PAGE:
Launching the S360 and T360 / 1962

Paving the Way for Auto Production

Launching the S360 and T360 / 1962

Nothing is Impossible

Honda’s management, thus compelled to secure sufficient car-production records before the Specified Industries Bill could be passed, hurriedly sent an order to Honda R&D in January 1962, saying that development must proceed immediately. The plan was to develop two mini sports cars and two mini trucks, and to exhibit the prototypes at the 11th National Honda Meeting General Assembly (the so-called "Honda Meeting") scheduled for later that year.

The R&D Center’s targeted date of completion had initially been set for April 15, but it was moved to June 5 to accommodate scheduling of the new Suzuka Circuit’s preopening ceremony. On that day, the new models were displayed and test-driven at the Suzuka Circuit, even though portions of it were still under construction.

"The Third Research Section’s design team was originally made up of seven people, but by 1961, it had grown to around fifteen," recalled Masao Kawamura, the man in charge of exterior design. "At first, I was the only one in the molding group who handled automobiles, but by then that number had also increased, making it three of us. Since the company had decided to develop two models at the same time, that number was again increased to six, as a kind of emergency measure. So, there was a six-member mini truck team, and in order to push development it was divided into two groups."

The new prototype bodies were to be based on the previous XA190 and 3XA120 prototypes, which had already been tested and specifications were refined through numerous improvements. Although the team had the advantage of base models, they would still face the challenge of reflecting Mr. Honda’s detailed instructions in their progress.

Testing moved to the water-cooled, inline four-cylinder DOHC engine designated "XA250" following the discovery of certain limitations in the previous air-cooled engine. With this new base configuration they began developing two engine types for the two models, accommodating their respective body shapes and applications. Therefore, the mini sports car’s engine was given the development code "AS250" and the mini truck’s engine took on the code name AK250.

Kawamura, in preparation for the moment when the dummy model would be shown to Mr. Honda, had painted its body reddish orange for a highly appealing look. Upon seeing the dummy model, though, Mr. Honda announced, "The new car is definitely going to be red, but we should use a more vivid red." It was his assurance that the official development order would be forthcoming.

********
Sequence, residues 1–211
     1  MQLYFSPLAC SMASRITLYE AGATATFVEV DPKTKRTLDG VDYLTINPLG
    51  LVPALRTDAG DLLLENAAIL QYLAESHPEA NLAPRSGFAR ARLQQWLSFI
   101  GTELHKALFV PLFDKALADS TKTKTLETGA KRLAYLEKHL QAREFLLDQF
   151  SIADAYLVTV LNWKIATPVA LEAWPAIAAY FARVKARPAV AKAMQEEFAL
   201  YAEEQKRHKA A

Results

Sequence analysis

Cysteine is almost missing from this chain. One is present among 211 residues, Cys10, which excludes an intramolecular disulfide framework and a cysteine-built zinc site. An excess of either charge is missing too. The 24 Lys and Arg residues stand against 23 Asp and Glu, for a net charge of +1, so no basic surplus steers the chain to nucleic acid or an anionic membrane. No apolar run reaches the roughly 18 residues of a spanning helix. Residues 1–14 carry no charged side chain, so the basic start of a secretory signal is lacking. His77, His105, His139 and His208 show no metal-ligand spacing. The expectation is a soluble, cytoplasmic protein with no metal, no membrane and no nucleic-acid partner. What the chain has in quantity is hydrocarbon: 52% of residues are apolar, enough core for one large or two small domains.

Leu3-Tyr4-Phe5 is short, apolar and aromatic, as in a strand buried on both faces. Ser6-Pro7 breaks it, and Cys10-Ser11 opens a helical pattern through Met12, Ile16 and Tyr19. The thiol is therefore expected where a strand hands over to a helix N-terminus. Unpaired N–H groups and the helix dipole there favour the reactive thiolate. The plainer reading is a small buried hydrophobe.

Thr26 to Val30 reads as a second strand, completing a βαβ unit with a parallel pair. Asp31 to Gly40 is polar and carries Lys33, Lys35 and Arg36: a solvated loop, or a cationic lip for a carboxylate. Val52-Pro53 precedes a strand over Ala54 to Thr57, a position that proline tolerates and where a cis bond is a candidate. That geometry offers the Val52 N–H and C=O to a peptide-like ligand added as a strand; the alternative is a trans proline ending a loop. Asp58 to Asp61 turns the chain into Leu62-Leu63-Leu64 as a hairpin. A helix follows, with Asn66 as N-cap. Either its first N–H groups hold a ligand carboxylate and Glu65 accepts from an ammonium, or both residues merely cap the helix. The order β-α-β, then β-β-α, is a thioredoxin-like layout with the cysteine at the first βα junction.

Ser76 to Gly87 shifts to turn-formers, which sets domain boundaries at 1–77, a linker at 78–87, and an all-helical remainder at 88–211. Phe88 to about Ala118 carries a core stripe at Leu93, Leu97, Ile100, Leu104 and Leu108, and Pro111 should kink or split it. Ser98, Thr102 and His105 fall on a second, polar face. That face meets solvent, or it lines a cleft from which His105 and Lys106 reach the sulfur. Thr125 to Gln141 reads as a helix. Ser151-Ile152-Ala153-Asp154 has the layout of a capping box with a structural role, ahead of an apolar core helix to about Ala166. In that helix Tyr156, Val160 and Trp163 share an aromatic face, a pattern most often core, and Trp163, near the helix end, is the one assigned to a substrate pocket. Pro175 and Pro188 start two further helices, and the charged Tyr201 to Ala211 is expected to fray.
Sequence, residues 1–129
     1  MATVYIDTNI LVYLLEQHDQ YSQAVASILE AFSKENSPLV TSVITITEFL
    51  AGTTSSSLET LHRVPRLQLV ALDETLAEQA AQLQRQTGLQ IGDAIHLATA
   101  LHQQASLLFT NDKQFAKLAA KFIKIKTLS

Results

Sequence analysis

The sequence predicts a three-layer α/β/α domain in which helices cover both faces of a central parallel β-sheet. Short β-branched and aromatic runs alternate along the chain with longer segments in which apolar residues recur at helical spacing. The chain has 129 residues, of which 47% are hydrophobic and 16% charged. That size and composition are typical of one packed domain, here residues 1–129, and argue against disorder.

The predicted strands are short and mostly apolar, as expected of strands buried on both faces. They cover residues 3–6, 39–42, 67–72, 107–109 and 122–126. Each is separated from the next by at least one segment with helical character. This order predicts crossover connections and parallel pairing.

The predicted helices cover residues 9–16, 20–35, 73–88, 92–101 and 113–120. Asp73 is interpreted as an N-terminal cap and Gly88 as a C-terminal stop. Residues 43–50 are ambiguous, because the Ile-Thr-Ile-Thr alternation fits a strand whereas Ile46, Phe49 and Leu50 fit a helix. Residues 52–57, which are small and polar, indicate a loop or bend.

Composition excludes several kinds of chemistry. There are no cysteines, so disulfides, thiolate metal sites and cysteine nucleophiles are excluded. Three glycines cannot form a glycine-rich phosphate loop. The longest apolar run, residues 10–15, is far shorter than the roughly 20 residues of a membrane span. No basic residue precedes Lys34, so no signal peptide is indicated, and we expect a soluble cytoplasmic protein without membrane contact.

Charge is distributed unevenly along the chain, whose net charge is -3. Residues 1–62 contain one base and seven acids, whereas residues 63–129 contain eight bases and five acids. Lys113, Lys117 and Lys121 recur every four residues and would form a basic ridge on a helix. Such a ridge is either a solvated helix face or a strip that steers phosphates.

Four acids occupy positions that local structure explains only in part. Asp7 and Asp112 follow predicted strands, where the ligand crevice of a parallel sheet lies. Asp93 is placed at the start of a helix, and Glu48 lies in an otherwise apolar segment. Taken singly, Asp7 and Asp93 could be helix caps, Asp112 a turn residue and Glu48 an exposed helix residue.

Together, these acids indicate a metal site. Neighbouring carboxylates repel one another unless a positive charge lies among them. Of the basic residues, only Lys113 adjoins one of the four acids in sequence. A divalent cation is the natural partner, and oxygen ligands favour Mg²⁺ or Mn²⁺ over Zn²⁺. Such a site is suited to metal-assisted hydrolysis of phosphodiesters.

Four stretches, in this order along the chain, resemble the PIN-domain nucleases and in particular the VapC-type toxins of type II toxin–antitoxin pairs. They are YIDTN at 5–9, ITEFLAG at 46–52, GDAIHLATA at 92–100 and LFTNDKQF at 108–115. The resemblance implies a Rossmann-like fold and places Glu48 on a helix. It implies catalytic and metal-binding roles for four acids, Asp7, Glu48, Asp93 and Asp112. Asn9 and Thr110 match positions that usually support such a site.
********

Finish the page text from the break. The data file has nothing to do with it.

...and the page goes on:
Kawamura, in eager response, painted the body a rich scarlet color and showed it to Mr. Honda a few days later, who liked it very much, and was obviously excited by the appearance. At that time, though, it was prohibited by law to use red or white on any auto body sold in Japan, since doing so might confuse it with an emergency vehicle such as a fire engine or ambulance. Therefore, to obtain approval for the use of red, Mitsugi Akita, then manager of the Development Management Section at Honda R&D, paid numerous visits to the Ministry of Transportation.

"Their response was cold and harsh, to be sure," recalled Akita. "The person in charge even said, ‘I know Honda, but I’ve never heard of Honda R&D." All the way back to the office I felt thoroughly depressed. I was even hesitant about seeing Mr. Honda. Days went by without any results, and Mr. Honda tried to promote his idea through the various media. At one time, he wrote a column for the Asahi Shimbun in which he said, ‘Red is the basic color of design. How can they ban it by law? I’m aware of no other industrial nation in the world in which the state monopolizes the use of colors.’"

Approval was finally granted, though, and with great excitement, Akita went to Soichiro with the news. To his surprise, however, Mr. Honda was quite calm. "Oh, that’s good," was all he said.

"It was only Honda who fought for the right to paint car bodies red," recalled Akita, "Soon, though, the other manufacturers started using it on many of their commercial vehicles."

Numerous people at Honda R&D had been mobilized in order to expedite last-minute adjustments to the car, continuing their work until the day before the Suzuka meeting. In fact, the final touch-ups were performed at the warehouse in Suzuka, and it was not until Midnight, June 4 that the cars were finally completed. The development team’s schedule had been extremely demanding, taking just four-and-a-half months.

"We relied on our youth and stamina to overcome impossible odds," Kawamura said.

The Challenging Spirit of Honda

A System that Fosters Expertise